To order "How to Write Letters for All Occasions," send a business-sized, self-addressed envelope, plus check or money order for $3.95 ($4.50 in Canada) to: Dear Abby, Letter Booklet, P.O. Box 447, Mount Morris, Ill. 61054-0447. (Postage is included.)
DEAR ABBY: What has happened to communication in America? When I write to someone, I discuss what is going on in my life, inquire about the health, happiness, and what is going on in the lives of mutual friends. I generally try to carry on a written conversation that will delight the reader.
If I receive a reply, it is usually on a scrap of paper, or written to be mailed to 20 other people, and starts out, "Hi, just a short note to keep in touch ..."
Maybe they should just say, "Hi, just a short note to say I can't be bothered to formulate a real letter. I am too lazy, illiterate, insensitive, or all of the above."
Abby, are people's lives so shallow they have nothing to say? Or are they so busy that they have nothing to give of themselves in simple written language?
Is it possible in this modern age that communication has been disconnected or is no longer in service? -- KYLE
DEAR KYLE: The sample letter you offered is better than nothing (almost). The most I can say for it is: The recipient will know that the writer is still among the living.
In my view, it's not a matter of communication "no longer in service"; it's just different. Times have changed and people are busier now. Short notes, form letters, faxes or quick phone calls are time-savers. And for those into computers, electronic communication is the "in" thing.
DEAR ABBY: I am having a disagreement with a friend and we have decided to let you be the judge. If a couple is engaged to be married, and the woman decides to end the engagement, should she return the engagement ring? -- B.A. HEITKAMP, CINCINNATI
DEAR B.A.: The ring goes back. When a woman accepts an engagement ring, she is also making a promise to marry the man who gave it to her. If she changes her mind, the ring should be returned. Occasionally, when the man breaks the engagement, he may offer to let the woman keep the ring, but he is not obligated to do so. Easy rule: The ring belongs to the person who paid for it, until the marriage has taken place.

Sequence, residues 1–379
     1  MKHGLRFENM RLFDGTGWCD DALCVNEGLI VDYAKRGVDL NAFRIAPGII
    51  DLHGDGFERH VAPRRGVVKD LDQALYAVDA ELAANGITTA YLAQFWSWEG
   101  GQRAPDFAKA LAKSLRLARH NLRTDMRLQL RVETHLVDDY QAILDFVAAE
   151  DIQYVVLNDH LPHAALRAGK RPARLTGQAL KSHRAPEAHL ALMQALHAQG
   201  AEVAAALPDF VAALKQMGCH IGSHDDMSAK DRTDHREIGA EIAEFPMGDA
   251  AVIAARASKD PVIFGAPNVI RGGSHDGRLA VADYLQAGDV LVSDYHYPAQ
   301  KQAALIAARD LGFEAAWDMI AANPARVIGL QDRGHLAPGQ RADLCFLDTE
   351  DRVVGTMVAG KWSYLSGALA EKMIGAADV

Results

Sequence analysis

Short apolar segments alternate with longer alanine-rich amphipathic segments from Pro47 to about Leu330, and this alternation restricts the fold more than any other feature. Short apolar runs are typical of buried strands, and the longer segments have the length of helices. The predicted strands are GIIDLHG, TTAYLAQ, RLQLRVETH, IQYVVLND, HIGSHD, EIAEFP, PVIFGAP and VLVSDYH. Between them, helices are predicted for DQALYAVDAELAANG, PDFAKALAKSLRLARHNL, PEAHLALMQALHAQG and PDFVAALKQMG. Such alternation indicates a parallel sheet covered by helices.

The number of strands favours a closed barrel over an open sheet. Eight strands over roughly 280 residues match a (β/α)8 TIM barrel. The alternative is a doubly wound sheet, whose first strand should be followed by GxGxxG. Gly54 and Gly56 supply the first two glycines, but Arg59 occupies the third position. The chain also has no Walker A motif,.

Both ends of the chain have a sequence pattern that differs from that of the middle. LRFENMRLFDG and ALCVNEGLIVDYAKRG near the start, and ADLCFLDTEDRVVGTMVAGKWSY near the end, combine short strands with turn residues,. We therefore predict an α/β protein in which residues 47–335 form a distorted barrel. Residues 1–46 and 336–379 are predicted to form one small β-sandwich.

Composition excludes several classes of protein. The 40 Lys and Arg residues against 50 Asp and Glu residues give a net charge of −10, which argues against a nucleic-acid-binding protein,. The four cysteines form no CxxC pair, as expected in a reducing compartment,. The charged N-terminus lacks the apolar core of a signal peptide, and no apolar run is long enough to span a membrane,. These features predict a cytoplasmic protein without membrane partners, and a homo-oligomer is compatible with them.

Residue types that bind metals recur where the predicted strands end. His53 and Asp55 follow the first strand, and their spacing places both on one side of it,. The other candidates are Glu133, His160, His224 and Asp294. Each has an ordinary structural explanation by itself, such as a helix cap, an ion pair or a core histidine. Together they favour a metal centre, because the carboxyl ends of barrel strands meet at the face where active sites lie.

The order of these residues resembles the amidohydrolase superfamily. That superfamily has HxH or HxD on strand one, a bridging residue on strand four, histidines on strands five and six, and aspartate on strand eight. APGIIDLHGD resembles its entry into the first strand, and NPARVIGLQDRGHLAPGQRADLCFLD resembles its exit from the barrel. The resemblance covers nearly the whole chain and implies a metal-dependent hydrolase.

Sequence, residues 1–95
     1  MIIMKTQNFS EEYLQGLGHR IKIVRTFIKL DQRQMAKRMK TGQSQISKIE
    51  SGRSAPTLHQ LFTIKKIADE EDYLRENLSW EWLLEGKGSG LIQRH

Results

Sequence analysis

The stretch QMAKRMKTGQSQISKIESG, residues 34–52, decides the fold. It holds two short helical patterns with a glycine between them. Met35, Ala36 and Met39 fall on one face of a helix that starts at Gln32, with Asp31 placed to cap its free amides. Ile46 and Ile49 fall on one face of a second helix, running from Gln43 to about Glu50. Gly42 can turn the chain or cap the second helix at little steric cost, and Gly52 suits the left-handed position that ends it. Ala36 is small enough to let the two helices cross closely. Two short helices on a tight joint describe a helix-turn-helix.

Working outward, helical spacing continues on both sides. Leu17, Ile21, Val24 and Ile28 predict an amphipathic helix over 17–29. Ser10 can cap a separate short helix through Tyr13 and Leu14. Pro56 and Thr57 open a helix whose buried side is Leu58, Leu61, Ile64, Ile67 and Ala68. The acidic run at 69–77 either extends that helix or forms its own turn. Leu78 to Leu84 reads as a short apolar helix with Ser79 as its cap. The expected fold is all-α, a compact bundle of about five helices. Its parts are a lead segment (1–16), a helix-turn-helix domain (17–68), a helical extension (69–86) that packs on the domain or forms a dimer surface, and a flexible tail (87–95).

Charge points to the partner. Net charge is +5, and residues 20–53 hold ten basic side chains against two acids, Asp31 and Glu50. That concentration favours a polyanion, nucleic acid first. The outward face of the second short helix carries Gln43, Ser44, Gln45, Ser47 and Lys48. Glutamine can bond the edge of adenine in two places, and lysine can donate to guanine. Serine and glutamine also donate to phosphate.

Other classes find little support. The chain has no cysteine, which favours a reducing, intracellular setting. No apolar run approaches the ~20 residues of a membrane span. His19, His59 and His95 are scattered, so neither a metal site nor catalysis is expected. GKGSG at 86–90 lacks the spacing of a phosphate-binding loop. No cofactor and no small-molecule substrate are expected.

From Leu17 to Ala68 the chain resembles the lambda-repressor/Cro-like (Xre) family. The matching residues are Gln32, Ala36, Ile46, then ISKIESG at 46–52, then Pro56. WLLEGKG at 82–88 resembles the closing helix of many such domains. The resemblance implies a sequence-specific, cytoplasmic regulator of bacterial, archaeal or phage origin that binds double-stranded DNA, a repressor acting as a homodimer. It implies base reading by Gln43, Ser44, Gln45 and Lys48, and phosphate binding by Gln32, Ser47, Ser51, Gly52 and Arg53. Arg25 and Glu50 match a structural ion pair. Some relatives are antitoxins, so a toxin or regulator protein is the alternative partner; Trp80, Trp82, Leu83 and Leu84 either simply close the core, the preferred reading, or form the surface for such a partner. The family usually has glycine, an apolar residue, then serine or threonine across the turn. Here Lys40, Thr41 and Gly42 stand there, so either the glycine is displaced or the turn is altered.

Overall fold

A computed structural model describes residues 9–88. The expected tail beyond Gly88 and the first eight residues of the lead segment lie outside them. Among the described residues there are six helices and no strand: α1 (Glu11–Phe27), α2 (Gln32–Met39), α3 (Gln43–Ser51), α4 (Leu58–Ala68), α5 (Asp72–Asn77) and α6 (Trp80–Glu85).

DEAR ABBY: I had to chuckle when I heard your comment about "sex" on the first date. (You had misheard the question on the "Larry King Live" show.)
I had an experience in my younger days with a girl I wasn't particularly enamored with.
When I asked her for a kiss on our first date, she said, "No, not on our first date!"
I answered quickly, "Well, how about on the last date?" -- PHIL FROM JERSEY
DEAR ABBY: In response to the letter you had some time ago about sleeping in the nude:
In the late '40s, I worked for Dr. Karl Menninger at the well-known clinic in Topeka, Kan.
He always recommended sleeping in an extra-large gown or nothing. His theory was that tight nightwear (pajamas included) tends to nudge one's nerves, making for a restless night.
My husband always said, "Nightgowns should be on the floor near the bed in case of fire." We have been married for 46 years. -- MRS. ROSE SPICER, REELSVILLE, IND.